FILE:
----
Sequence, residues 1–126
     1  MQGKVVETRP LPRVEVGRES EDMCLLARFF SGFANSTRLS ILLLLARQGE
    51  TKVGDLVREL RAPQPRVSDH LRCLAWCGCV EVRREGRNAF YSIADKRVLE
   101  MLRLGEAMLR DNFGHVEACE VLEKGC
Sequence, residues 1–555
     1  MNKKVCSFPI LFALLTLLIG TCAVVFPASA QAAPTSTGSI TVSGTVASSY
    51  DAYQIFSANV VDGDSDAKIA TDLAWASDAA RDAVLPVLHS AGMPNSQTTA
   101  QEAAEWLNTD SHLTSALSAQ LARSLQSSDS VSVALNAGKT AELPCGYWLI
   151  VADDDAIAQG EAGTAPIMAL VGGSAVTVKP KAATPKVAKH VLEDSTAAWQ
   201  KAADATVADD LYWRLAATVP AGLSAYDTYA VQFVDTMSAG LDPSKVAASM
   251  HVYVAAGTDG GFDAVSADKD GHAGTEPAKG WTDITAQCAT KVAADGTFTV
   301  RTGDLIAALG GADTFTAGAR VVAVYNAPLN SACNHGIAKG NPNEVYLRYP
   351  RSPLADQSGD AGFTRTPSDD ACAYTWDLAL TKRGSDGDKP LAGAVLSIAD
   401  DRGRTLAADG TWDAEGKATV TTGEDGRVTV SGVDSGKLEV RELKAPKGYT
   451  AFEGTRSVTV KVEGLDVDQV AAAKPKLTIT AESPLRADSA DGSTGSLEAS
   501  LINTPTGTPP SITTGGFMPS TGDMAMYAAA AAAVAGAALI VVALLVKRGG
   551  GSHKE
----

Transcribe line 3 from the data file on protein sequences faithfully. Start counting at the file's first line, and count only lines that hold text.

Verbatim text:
    51  TKVGDLVREL RAPQPRVSDH LRCLAWCGCV EVRREGRNAF YSIADKRVLE